AN EXTENSION OF THE GEOGRAPHICAL COORDINATE SYSTEM AS APPLIED TO AUTOMATIC GROUND POSITION COMPUTATION

Glenn B. Shoemaker

Peer Reviewed

Abstract: IT IS EVIDENT that the volume of polar and tram-polar air traffic will increase. The northern polar region must already be recognized as an important military operations area. It could also become very important from a commercial standpoint. In the south polar region further exploration is still to be done; much of this work will be accomplished through aerial surveys. For whatever reason, navigation remains a problem of particular import in polar flying. It may be that radio aids will eventually provide sufficient coverage to serve as the primary navigation facility. In any case, a requirement will continue to exist for a selfcontained secondary capability. This secondary system should probably be at least semi-automatic in view of present aircraft speeds. A Doppler unit combined with a dead-reckoning computer of the analog type would fulfill such a requirement by providing a position computing function. It is with these thoughts in mind that the following material is presented.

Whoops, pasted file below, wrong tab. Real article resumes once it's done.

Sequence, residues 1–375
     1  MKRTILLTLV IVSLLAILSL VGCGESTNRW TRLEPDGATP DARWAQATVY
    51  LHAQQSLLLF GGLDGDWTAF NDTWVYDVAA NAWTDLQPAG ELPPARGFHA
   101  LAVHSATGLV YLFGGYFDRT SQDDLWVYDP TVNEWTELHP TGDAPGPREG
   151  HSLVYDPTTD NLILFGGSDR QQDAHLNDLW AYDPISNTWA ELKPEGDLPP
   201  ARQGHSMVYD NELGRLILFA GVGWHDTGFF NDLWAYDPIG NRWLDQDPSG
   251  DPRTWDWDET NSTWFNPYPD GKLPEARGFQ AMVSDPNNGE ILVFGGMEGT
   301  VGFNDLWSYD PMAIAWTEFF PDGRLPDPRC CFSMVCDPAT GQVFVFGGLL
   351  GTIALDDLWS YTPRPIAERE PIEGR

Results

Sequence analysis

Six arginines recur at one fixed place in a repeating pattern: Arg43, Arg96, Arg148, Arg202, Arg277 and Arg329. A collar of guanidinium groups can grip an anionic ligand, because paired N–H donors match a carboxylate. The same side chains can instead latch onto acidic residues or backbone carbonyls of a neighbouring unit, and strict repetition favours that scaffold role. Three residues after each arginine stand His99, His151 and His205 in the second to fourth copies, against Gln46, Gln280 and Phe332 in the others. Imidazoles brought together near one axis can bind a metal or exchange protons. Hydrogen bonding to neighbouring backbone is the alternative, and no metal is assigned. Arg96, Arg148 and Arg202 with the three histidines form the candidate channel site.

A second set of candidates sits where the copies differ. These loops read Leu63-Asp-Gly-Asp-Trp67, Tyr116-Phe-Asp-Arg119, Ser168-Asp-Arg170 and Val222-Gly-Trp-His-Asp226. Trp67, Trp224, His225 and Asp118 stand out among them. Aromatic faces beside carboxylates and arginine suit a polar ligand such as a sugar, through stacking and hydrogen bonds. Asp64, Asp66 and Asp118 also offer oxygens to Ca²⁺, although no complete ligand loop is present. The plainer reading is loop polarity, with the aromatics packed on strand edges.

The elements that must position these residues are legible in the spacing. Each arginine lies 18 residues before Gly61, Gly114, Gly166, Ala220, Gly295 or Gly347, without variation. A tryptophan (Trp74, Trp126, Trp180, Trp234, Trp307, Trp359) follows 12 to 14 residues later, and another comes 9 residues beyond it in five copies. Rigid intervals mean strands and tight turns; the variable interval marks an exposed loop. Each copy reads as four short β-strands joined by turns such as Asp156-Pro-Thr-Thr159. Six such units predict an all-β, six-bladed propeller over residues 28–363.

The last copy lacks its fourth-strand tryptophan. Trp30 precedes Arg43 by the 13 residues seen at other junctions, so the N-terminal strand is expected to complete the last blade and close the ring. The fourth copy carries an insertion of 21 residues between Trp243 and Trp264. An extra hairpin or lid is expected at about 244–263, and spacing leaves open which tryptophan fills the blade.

Published in: NAVIGATION, Journal of the Institute of Navigation, Volume 6, Number 6
Pages: 370 - 373
Cite this article: Shoemaker, Glenn B., "AN EXTENSION OF THE GEOGRAPHICAL COORDINATE SYSTEM AS APPLIED TO AUTOMATIC GROUND POSITION COMPUTATION", NAVIGATION, Journal of The Institute of Navigation, Vol. 6, No. 6, 1959, pp. 370-373.
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